iPhoto solves the second problem, at least. It translates those coordinates to the much more recognizable “Cleveland,” or even more precisely, a street address, like “100 Alfred Lerner Way, Cleveland, Ohio” (which happens to be the address of Cleveland Browns Stadium)—and shows that spot with a red pin on a map right in iPhoto.
This can be really convenient if you’ve made several trips to London and want to see all the pictures taken there over the years, and not just ones from a particular album or Event. It’s also a great way to learn geography—slideshows, books, and calendars take advantage of this info, and include themes that make a quick map of your trip.
A digital camera with a built-in GPS chip, like the Nikon Coolpix P6000.
The Eye-Fi Geo Card. It’s a remarkable SD memory card, the kind you put into most camera models, with built-in wireless networking and a pseudo-GPS feature ($70 for a 4 GB card). See www.eye.fi for details.
A small GPS-enabled box like the $90 ATP PhotoFinder that tracks the time and your coordinates as you snap photos—and marries them up with the time stamps on your pictures when you insert the camera’s memory card. See http://photofinder.atpinc.com for more information.
If that’s your situation, then all you have to do is import the pictures into iPhoto (Getting Your Pictures into iPhoto) and smile smugly. When the images appear in the viewing window, you can check the location by clicking the Info button on the iPhoto toolbar to open the Info panel shown in Figure 4-12.
However, GPS coordinates can sometimes be off by yards. Or, if the place is wrong and you know it (because you forgot to turn on the Location Services function of your iPhone, for example), don’t worry; You can manually assign the photo to a place, as described in the next section.
But what about photos that don’t have geographical information embedded—like the 300 billion photos that have been taken with non-GPS cameras?
Select a photo (or an Event) and then click the Info button on the iPhoto tool-bar.
The Info panel opens to reveal several bits of information, including the name of the picture.
Click “Assign a Place” and start typing the name of the town, city, or landmark (like Washington Monument) where the picture was taken.
As shown in Figure 4-13, a pop-up menu appears; iPhoto is trying to guess what you’re typing, to save you some effort (and spelling). If you see the location in the list, use the arrow keys on the keyboard to select it and then press Return to confirm your choice, or just click the correct location in the list.
If, by some bizarre occurrence, you have the latitude and longitude of your location, you can enter those numbers instead of a name. Click “Assign a Place” and then type the coordinates separated by a comma, such as 38, –9 (the latitude always goes first). A pop-up menu appears with iPhoto’s guess as to where on the map those coordinates actually are.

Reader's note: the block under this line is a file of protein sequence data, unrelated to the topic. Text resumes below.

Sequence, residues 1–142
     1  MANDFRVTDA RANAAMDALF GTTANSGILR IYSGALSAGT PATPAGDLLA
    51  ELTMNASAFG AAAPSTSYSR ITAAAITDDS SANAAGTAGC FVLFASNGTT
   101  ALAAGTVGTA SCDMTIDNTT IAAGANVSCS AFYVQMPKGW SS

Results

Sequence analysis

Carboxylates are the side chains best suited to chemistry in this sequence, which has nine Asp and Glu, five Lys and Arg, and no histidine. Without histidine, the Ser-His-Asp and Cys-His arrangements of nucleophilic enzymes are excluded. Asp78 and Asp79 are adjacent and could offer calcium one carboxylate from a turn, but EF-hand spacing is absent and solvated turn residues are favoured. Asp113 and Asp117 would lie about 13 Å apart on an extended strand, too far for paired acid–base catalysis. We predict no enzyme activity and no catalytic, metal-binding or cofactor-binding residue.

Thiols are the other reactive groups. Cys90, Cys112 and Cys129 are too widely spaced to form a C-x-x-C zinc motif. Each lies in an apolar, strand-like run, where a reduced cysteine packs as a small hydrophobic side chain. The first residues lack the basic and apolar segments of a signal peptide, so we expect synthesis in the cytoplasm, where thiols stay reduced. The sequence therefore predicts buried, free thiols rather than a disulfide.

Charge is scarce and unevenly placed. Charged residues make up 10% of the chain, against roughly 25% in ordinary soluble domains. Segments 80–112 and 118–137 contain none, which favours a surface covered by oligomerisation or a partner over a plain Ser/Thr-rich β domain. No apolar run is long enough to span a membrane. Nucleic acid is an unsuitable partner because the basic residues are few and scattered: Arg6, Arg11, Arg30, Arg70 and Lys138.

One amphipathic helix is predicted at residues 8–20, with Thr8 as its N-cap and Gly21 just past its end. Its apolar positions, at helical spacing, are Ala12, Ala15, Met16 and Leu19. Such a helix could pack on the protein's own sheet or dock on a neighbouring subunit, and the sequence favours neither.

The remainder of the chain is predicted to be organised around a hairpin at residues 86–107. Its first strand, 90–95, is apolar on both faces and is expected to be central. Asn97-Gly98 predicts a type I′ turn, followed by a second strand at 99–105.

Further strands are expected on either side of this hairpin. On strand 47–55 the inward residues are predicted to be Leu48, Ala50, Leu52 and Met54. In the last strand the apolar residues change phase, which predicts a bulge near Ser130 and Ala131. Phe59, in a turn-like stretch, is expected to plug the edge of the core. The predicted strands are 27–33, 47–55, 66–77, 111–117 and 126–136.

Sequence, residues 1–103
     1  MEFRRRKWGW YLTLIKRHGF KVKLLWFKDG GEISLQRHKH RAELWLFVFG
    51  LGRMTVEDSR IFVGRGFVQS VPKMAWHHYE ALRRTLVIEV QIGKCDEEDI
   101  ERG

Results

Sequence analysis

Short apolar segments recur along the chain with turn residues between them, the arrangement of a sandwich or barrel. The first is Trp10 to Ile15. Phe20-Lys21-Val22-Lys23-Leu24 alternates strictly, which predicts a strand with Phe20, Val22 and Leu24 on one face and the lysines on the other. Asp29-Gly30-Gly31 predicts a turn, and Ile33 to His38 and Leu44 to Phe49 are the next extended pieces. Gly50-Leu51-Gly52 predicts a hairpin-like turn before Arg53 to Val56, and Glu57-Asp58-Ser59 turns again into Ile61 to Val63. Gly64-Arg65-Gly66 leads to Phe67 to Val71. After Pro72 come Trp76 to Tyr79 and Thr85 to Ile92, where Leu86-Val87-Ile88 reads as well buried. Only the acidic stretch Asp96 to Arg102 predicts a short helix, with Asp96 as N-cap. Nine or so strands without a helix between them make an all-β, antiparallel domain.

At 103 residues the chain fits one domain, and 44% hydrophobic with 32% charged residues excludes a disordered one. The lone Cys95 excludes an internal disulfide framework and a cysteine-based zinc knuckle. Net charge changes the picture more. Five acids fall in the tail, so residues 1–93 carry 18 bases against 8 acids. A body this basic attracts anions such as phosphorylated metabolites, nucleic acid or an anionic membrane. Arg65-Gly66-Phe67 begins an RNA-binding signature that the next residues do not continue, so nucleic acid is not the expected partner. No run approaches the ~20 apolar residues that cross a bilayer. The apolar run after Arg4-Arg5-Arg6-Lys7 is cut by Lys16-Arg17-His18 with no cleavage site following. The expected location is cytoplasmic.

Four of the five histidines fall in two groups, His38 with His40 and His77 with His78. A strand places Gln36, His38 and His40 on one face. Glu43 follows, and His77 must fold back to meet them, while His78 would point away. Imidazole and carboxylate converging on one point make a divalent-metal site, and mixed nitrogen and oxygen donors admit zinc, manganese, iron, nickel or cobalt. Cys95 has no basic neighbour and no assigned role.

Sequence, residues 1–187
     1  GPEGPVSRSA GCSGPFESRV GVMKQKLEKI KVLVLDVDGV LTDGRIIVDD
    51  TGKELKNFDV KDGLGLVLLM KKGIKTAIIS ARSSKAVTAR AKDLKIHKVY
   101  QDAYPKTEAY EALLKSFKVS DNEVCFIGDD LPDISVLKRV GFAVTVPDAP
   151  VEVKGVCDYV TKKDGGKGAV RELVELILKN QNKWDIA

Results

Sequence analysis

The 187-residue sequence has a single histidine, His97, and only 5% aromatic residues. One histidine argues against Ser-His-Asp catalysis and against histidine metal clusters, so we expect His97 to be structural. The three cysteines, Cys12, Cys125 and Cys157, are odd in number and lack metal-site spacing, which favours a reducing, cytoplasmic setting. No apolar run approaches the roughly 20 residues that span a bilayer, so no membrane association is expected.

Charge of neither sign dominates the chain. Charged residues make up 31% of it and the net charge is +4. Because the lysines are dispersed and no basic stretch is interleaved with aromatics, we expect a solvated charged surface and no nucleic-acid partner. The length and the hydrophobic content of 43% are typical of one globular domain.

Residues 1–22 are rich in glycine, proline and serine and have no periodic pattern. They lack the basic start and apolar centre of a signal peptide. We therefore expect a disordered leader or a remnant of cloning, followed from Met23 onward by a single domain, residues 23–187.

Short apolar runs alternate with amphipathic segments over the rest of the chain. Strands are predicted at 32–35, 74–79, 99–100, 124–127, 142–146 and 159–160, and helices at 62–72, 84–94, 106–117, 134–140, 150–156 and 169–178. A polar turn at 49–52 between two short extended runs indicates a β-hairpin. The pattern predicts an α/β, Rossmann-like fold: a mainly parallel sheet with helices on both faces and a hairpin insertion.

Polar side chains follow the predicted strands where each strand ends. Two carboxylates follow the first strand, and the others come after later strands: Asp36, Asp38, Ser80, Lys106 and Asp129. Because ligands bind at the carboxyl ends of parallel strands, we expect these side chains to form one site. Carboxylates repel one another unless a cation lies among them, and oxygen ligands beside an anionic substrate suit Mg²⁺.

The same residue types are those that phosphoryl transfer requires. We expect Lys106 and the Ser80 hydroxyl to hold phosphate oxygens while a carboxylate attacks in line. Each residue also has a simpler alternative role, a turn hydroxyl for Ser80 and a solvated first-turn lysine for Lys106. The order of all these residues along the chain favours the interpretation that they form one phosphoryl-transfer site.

If the place you’re typing doesn’t appear on the list, pick one that’s close and then move the marker pin.
Unlike the previous version of the program, iPhoto ’11 doesn’t have a “Find on Map” option, mainly because you don’t need it. In the off chance that iPhoto and Google can’t find your location, just pick a spot that’s close. Then, click the red pin on the little map and drag it to the correct location, as Figure 4-14 shows.
You can also refine and/or delete locations by choosing Window→Manage My Places. This command summons a list of all the places you’ve tagged in iPhoto—or captured by your GPS-enabled phone or camera—with a handy map that lets you move location pins to and fro, as well as reduce or widen the region of a particular pin using tiny left and right triangles that automatically appear to its right.
Once iPhoto finds your location (or you find it yourself), click the marker pin to summon the location tag (the marker pin turns yellow). Once the tag appears, highlight it and then type a new name, such as Grandma’s House. Click the to confirm the new name (or just press Return). Later, you’ll be able to use iPhoto’s Search box to round up all the pictures that were taken at Grandma’s House, just by typing grandm.
Once you’ve pinpointed the right location for a photo, you can copy that info to other photos. Just select the photo with the correct locale and then choose Edit→Copy. Next, select the photo(s) you want to copy the location to and then choose Edit→Paste Location. That’s all there is to it.
As you may have noticed, the Info panel has room for more facts than just a photo’s spot on the map. Here’s a quick roundup of what the other controls shown in Figure 4-15 can do for you:
Rename the photo. If you’re tired of all your pictures being called IMG_this or DSC_that, then click the Name field near the top of the Info panel (below the white box) and type in a better title, like Baby’s first Jell-O parfait or Bath time!
Rate the photo. See those dark stars next to the photo’s name? Drag your cursor mouse along them to add the number of stars you think the picture deserves. (See Ratings for details on ratings.)
Add a description. Along with a better title, you can also add details about what’s in the photo: “Stevie’s first at-bat in the T-ball game” or “Toboggan accident Day 3.” Just click where it says “Add a description” and start typing.
View on the Places map. Next to the location tag is a tiny arrow that you can click to see the location on iPhoto’s Places map. (This tiny arrow is labeled back in Figure 4-14.)
Change the look of the map. When you point to the tiny map, a row of labeled buttons appears near the bottom. They let you see the location three different ways: a cartographical Terrain view that shows street names and elevations, a Satellite view with an overhead photo of the area, or Hybrid—a combination of both.